The newly-announced Apple Watch Series 6 may seem like a modest upgrade from a hardware perspective, but there’s more to it than that new SpO2 blood oxygen monitor.
Apple didn’t make a song and dance about it during its Time Flies event on Tuesday, but the Apple Watch is the first to rock the U1 Ultra Wideband chip. It’s not in the Apple Watch SE and wasn’t within the Series 5.
The presence was revealed during the presentation in a graphic showing all of the Apple Watch Series 6 new features (via The Verge), as well as within the spec sheet on the Apple Store website. So, what does it do? Well, the U1 UWB chip is a short range radio technology that enables communication with other compatible devices.
The chip was featured within the iPhone 11, with Apple only revealing it enabled directional AirDrop functionality. However, at its core, it enables equipped devices to locate each other when they’re in close proximity, similar to Bluetooth.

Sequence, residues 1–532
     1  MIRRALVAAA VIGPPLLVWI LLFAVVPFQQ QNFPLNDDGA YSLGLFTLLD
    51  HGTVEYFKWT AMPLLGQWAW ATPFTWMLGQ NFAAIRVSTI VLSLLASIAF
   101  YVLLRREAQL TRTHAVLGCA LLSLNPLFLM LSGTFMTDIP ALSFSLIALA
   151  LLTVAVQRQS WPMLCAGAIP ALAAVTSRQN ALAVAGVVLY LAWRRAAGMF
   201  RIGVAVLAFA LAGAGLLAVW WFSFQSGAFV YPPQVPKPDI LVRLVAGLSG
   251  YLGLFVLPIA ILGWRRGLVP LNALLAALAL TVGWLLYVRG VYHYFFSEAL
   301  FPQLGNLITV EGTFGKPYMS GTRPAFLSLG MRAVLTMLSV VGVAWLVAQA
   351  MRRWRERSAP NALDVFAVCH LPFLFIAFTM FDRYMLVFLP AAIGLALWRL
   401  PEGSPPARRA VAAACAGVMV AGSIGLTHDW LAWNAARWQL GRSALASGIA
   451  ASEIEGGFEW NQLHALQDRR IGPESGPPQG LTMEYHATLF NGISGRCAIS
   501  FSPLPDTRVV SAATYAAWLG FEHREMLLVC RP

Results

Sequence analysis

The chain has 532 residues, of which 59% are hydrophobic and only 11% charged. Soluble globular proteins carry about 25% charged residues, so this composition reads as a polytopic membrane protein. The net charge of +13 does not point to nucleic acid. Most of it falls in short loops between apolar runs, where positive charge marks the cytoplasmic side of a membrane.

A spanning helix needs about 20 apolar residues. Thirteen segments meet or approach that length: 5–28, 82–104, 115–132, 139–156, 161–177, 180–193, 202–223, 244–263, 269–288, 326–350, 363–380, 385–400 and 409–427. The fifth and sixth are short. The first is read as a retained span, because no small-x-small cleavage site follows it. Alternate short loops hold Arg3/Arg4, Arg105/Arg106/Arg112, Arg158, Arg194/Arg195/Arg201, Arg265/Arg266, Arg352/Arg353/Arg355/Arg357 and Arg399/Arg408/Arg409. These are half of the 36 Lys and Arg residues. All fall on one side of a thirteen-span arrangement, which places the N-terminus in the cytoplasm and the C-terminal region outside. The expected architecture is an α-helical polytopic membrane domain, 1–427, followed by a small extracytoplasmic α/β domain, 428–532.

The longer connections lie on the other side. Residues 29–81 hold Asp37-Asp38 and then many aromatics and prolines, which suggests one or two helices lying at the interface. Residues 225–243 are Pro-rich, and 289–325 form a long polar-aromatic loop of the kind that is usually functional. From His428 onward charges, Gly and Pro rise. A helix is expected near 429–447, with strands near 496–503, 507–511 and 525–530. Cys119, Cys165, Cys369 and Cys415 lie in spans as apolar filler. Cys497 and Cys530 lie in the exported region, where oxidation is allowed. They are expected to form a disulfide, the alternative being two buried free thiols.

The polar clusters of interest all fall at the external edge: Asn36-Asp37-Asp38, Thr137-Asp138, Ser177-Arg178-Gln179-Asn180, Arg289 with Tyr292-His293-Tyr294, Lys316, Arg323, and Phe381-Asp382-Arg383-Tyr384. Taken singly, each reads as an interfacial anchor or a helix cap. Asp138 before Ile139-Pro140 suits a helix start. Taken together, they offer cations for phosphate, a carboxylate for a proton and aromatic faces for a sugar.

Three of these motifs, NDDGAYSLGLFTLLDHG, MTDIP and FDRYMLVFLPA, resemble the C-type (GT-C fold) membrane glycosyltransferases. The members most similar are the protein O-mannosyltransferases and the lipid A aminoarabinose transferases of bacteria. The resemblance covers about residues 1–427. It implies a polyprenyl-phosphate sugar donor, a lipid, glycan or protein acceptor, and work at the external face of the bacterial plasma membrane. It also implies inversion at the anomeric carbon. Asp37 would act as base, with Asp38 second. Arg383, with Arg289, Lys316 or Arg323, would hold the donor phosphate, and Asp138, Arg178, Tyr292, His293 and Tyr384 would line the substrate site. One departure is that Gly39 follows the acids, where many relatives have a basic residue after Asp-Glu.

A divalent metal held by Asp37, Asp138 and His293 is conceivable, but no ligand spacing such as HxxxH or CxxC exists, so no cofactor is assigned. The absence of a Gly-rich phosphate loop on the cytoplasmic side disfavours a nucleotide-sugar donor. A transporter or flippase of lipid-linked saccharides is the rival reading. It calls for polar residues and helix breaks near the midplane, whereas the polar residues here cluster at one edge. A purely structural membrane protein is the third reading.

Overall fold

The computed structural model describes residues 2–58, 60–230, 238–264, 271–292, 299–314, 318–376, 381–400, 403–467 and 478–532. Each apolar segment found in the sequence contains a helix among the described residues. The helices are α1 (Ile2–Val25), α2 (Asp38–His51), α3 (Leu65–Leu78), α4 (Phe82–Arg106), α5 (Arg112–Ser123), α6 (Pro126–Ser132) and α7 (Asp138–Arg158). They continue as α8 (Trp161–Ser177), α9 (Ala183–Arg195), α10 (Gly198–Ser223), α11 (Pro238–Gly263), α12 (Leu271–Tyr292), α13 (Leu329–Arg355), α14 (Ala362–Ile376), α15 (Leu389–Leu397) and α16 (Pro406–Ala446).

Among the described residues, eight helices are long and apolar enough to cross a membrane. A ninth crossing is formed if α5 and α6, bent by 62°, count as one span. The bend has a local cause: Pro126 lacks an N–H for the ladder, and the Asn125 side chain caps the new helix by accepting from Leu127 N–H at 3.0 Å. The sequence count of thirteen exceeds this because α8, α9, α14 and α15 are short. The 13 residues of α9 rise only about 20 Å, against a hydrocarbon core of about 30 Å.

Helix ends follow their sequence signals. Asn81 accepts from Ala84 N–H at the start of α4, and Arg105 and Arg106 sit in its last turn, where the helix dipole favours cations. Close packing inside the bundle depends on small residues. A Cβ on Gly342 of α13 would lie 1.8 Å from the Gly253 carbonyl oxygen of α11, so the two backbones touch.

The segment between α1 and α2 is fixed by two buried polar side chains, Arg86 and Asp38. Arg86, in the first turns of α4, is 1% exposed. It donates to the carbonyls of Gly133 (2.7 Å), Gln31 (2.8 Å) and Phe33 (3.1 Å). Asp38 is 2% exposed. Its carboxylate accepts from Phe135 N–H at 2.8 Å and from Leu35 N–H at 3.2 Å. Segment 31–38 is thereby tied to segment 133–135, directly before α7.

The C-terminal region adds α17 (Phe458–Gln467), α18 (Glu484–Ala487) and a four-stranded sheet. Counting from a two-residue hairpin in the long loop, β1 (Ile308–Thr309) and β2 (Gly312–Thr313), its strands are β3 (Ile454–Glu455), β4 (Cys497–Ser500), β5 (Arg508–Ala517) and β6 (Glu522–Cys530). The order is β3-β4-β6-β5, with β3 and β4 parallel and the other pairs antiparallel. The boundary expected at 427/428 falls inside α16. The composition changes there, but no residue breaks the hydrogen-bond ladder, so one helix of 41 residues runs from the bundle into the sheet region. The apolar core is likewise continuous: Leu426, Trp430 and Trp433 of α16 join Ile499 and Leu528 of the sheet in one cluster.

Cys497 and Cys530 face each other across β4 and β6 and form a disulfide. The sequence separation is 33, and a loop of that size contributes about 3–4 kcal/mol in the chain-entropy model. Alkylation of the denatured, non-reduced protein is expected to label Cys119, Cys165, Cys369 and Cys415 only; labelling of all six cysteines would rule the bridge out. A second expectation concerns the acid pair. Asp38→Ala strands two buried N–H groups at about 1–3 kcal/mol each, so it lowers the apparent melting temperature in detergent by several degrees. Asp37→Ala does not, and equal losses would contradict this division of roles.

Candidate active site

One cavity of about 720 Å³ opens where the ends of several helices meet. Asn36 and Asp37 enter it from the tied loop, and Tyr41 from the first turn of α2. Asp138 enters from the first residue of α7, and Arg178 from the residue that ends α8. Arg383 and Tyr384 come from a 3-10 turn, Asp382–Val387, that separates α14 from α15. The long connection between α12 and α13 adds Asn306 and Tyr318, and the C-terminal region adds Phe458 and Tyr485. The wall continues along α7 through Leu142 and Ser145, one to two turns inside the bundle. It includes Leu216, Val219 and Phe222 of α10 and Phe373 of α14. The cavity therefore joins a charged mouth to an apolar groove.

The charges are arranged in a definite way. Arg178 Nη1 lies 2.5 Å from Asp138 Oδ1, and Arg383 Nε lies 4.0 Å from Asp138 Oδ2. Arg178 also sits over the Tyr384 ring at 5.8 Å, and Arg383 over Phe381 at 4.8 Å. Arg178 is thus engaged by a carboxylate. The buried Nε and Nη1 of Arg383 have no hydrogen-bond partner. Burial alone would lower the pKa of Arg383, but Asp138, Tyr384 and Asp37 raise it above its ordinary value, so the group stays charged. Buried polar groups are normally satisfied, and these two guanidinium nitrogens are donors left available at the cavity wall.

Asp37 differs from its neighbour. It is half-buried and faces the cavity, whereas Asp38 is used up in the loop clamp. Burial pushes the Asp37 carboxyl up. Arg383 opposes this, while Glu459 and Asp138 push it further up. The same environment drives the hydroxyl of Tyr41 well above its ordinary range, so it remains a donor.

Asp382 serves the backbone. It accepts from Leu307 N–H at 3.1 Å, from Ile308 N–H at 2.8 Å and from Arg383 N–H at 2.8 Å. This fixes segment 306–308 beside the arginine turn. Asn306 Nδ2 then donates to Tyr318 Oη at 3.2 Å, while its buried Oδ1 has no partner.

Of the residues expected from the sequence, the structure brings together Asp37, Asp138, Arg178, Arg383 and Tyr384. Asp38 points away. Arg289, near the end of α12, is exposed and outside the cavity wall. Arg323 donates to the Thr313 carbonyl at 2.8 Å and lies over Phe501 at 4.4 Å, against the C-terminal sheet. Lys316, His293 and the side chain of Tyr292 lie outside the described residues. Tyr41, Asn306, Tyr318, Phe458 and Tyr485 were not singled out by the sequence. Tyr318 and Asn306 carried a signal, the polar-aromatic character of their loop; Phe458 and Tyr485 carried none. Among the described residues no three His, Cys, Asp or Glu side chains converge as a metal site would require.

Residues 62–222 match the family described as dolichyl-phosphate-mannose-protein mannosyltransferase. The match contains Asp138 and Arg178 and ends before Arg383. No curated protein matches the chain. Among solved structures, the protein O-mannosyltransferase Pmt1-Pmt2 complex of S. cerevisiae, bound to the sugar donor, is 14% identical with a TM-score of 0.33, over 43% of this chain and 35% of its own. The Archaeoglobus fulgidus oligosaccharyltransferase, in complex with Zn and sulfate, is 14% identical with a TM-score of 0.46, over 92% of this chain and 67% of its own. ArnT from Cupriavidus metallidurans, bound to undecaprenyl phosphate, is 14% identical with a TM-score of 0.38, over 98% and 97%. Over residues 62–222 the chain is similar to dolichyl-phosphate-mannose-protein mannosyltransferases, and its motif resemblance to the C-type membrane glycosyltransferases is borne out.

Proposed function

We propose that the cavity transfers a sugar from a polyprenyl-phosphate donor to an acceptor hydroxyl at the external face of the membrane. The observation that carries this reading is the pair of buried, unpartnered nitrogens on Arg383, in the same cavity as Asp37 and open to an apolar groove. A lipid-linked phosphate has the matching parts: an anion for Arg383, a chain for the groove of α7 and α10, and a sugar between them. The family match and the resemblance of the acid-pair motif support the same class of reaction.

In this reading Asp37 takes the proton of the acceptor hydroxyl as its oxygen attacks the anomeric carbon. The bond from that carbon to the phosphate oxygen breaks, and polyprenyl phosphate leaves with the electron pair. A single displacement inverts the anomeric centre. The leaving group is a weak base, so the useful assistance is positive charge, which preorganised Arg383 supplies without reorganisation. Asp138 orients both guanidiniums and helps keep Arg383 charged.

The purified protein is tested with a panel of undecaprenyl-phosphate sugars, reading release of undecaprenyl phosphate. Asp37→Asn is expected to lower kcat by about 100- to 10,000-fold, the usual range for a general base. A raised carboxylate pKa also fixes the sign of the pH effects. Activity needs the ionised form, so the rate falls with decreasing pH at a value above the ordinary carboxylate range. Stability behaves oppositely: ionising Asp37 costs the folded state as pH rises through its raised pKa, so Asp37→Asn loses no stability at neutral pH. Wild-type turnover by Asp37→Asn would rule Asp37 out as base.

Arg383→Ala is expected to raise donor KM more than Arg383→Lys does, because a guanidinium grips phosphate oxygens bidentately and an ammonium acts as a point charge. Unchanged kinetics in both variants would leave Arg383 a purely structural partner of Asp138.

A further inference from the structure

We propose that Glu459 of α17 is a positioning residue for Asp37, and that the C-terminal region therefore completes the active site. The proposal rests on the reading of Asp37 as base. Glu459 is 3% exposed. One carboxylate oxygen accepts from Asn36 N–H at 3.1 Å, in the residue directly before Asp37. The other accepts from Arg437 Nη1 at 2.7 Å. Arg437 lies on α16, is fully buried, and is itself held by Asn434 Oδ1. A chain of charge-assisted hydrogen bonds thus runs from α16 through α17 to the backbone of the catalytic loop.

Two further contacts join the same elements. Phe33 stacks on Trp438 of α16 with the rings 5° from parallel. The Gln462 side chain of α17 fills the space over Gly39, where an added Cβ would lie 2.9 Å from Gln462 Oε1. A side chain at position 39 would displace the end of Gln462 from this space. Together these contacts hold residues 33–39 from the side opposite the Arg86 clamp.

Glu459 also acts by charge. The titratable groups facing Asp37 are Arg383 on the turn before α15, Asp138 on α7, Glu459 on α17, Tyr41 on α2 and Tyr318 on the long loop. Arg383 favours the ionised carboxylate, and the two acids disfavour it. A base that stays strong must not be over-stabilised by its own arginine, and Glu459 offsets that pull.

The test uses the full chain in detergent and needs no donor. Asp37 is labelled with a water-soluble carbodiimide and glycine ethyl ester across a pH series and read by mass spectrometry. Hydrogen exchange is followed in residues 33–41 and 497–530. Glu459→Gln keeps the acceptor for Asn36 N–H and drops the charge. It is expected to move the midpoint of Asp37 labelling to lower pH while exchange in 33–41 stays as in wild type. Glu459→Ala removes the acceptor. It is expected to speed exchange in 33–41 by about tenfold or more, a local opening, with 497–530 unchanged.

It’s purpose within the Apple Watch Series 6 is unclear, but the potential is clear. It could power the forthcoming AirTags Tile-rival, which would be one reason Apple isn’t making a song and dance about its presence yet.
The U1 Ultra Wideband chip could also be used to improve the digital Car Key feature, which enables iPhone and Apple Watch users to unlock and start compatible cars. Perhaps we’ll hear more about this when Apple announces the iPhone 12 in the next few weeks?
The Apple Watch Series 6 features a few other hardware upgrades beyond the SpO2 “health sensor”. There’s an upgraded always-on display offering 2x higher maximum brightness compared with the Series 5, while the new S6 processor is 20% faster than its predecessor.
There are a host of new colour options, including the first Project Red Apple Watch, as well as the new Solo bands, which have no clasp and simply stretch over the wrist.